Finding your feet with the exoskeleton
Posted by: The personal injury help and advice team
When a personal injury takes mobility, it can be hard to have a positive outlook. But technology companies and spinal charities are investing constant research to develop products which encourage movement after paralysis.
The exoskeleton is an evolving robotic device, made with a goal to replicate natural movement as closely as possible and help paralysed people learn to walk again. Exosuits feature innovative technology to enhance movement and stability; their sensors detect slight changes in the centre of gravity and step forward when the wearer leans forward.
In 2013, Amanda Boxtel established Bridging Bionics, recognising the exoskeleton was not easily affordable or accessible. When a skiing accident paralysed her aged 24, she was amazed by robotic rehabilitation technology. Working in tandem with the suit, she felt stronger than ever and her chronic pain reduced significantly. Her charity aims to provide high-tech bionic rehabilitation to those with mobility impairments in America.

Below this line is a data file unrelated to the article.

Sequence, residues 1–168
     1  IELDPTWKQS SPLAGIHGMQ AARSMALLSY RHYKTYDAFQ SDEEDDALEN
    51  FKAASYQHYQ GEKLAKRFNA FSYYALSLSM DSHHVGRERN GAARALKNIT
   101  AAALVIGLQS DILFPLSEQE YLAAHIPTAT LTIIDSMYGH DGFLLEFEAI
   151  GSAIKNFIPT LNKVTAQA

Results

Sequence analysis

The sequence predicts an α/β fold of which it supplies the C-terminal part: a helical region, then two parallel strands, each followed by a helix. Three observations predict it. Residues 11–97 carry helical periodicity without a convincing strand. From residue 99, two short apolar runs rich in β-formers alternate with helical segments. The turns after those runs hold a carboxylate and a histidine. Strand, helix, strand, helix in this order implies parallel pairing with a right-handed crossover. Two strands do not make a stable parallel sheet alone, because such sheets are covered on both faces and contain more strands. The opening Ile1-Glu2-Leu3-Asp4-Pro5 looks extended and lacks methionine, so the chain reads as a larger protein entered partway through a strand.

Today, exoskeletons are an international phenomenon. Earlier this year, Simon Kindleysides completed the London Marathon through the night and following day, with help from a ReWalk exosuit. After his brain tumour diagnosis, he said
“I could stay in bed and feel sorry for myself, but why waste the life I’ve been given, I’m going to live mine to the fullest.”
The robotic legs have now been gifted to him, along with a letter from the Queen. Claire Lomas MBE also finished the London Marathon with ReWalk’s aid. Claire suffered paralysis from the waist down after a horse-riding accident in 2007, and doctors believed she would never walk again. But in 2012 with the help of an exoskeleton, she crossed the London Marathon finish line.
This was one of Claire’s many fundraising challenges. For her current challenge, she is collaborating with The Bike Experience charity which encourages motorcyclists back on their bikes after injury and illness. She has raised £664,724 for Spinal Research to date.
More and more injured people regain movement each year, with the introduction of revolutionary new technology like electrical spinal patches and improvements being made to existing products like the exoskeleton. To find out more about ReWalk Robotics and the innovative services they offer, click here.